Last week I linked to an eBay listing for an old article about NFL helmet carts. I ended up winning the item (I was the only bidder, rather amazingly) and am now the proud owner of the article in question, which was clipped from the Nov./Dec. 1972 issue of the trade magazine DuPont Refinisher News (a publication that was founded in 1928 and still exists today). As many of you know, I’m almost as fond of trade magazines as I am of uniforms, so for me this is a case of two great tastes that taste great together.
• The carts were manufactured by a Beverly Hills operation called Sportoys, Inc. I tried googling them but came up empty. Is it possible that manufacturing NFL helmet carts was insufficiently lucrative to ensure the company’s survival? Shocking!
• Speaking of the facemasks, note that they’re all gray, since colored facemasks hadn’t yet made their NFL debut (Chargers in ’74, don’tcha know).
• According to the text, each helmet received a primer, followed by six to eight coats of paint, then a polishing compound, and then a final clear-coat layer. That’s a lot of paint!
• The last line of the article notes, “What’s more, some major league baseball teams employing similar carts.” This implies that the NFL was ahead of MLB in the headwear-cart development sweepstakes, which is odd, because I’d always thought of these carts are more of a baseball thing than a football thing. I guess I thought that because the baseball carts actually came onto the field of play in the middle of a game to deliver a reliever to the mound, and as a result they became part of the fabric of the sport, while I’ve always perceived the football helmet carts to be little more than kitschy promotional thingies that only get trotted out at halftime or something like that. They seemed more peripheral to the game, while the cap carts seemed more integral (at least in their heyday).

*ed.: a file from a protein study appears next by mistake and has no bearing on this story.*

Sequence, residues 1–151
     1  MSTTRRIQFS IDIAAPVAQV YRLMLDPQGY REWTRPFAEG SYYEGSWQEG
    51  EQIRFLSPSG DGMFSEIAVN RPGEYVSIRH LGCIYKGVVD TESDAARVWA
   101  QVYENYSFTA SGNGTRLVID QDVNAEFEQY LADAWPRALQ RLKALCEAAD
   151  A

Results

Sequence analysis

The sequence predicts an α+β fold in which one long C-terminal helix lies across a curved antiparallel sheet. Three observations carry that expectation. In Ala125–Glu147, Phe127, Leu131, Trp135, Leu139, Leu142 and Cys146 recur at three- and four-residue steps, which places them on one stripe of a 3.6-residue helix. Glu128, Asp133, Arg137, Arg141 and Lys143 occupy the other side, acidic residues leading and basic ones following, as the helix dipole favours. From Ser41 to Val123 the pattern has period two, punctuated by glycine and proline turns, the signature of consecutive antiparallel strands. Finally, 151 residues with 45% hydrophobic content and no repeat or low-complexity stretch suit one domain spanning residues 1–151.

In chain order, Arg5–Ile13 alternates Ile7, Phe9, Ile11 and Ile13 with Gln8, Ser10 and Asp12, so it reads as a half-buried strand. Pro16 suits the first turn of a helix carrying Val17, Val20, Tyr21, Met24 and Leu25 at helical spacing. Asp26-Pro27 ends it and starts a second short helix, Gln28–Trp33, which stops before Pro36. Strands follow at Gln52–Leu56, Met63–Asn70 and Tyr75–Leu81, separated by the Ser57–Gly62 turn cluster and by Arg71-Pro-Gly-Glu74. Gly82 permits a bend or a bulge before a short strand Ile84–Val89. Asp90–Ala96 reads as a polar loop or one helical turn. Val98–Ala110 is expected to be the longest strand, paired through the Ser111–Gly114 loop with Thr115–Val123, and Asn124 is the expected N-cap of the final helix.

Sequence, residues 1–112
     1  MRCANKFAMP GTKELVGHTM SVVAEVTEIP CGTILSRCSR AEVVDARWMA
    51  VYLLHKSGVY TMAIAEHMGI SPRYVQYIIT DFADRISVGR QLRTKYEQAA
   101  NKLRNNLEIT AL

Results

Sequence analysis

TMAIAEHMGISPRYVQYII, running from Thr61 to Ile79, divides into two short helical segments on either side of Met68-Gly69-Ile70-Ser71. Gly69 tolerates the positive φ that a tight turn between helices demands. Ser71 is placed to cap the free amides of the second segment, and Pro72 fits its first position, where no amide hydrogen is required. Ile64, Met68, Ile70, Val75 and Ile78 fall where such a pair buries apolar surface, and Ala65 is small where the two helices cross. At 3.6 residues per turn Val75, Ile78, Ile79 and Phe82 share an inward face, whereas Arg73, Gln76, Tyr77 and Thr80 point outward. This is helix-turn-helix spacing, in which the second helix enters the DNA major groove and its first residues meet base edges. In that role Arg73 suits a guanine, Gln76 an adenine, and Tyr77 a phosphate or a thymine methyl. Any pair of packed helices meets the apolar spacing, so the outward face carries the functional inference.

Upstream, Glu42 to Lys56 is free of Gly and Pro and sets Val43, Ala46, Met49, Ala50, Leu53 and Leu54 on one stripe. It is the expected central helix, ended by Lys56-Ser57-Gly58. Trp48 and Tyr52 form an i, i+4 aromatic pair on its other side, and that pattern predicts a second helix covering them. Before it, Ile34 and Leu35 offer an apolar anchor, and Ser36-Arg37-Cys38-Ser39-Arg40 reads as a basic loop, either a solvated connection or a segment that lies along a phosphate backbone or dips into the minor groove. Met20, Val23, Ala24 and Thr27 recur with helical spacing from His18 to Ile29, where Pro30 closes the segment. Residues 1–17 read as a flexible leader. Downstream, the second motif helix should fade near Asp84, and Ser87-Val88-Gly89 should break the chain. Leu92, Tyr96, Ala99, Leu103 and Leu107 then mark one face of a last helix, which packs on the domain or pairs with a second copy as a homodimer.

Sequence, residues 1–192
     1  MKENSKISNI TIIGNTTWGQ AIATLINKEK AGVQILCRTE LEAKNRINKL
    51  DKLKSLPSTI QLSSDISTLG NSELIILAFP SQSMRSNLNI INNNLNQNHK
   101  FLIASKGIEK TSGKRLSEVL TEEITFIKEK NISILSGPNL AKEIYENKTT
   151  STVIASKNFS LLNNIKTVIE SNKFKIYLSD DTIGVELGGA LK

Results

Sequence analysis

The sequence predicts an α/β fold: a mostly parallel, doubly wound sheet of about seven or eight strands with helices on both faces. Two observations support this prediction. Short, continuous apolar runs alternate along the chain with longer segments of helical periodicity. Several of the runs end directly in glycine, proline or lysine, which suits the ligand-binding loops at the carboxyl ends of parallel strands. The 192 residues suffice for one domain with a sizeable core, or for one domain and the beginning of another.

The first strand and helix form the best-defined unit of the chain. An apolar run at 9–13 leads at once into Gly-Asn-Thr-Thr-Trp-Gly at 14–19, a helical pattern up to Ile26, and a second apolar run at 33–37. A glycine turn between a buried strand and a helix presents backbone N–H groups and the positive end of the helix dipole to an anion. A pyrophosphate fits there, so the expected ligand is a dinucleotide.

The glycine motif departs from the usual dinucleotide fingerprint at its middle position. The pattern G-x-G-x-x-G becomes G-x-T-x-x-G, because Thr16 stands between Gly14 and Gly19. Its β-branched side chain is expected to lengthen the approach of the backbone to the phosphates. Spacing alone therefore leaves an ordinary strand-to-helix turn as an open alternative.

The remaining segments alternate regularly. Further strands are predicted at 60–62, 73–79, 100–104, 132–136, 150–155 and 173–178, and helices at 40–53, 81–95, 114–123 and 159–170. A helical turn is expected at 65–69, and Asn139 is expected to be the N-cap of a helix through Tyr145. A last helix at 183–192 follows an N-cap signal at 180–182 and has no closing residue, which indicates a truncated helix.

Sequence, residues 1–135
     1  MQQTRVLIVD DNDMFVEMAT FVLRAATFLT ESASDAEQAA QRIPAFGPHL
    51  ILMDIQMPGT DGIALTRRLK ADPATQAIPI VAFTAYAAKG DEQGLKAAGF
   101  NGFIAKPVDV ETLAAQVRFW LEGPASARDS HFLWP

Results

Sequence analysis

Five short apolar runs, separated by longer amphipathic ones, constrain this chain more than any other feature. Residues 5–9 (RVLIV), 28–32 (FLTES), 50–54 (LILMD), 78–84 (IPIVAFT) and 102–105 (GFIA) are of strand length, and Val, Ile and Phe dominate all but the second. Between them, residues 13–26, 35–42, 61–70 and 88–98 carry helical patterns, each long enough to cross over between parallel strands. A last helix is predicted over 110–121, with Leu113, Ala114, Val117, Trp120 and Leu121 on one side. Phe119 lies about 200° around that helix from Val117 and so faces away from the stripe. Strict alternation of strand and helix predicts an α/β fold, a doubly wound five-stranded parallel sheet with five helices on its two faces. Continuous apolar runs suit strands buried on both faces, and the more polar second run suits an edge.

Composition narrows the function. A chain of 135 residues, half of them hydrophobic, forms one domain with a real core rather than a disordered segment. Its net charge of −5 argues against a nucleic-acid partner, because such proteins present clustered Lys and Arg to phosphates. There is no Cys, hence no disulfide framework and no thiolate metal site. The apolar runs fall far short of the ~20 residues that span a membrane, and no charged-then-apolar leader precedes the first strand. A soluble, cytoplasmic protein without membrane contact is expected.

As a result of this perception, I had assumed that the MLB carts came first and that the NFL carts were copycats, but maybe it was the other way around. As it happens, when I wrote an article about MLB bullpen buggies last year, I was unable to determine exactly when the first cap-based cart debuted, and the DuPont article doesn’t indicate when the first helmet carts appeared. But if anyone wants to get crackin’ on research, it would be good to know the chronology of these uni-based vehicles.
Raffle Reminder: I’m raffling off a copy of the excellent new book Remember the AFL. Details here.
Uni Watch News Ticker: The Ernie Davis statue at Syracuse won’t be Nikefied after all. … Look what happens when you cross an oriole with a raven (with thanks to Joe Hilseberg). … Sean Wilson took a tour of the Anheuser-Busch Brewery in St. Looie and was particularly captivated by the pics of the A-B bowling team (here’s a closer look). He also shot a very short video of A-B branding run amok. … Interesting article on soccer sponsorships here (with thanks to Mark Coale). … Got an e-mail last night from Alan Kreit. Subject line was “ultimate fnob.” No text, just a photo attachment. So stupid, it’s sort of brilliant. … That Phil Knight, he sure is a master of suspense. … If you download this Carlos Zambrano radio interview and skip ahead to the 6:30 mark, you’ll hear a petty amusing discussion of Zambrano’s pants (nice find by James Huening).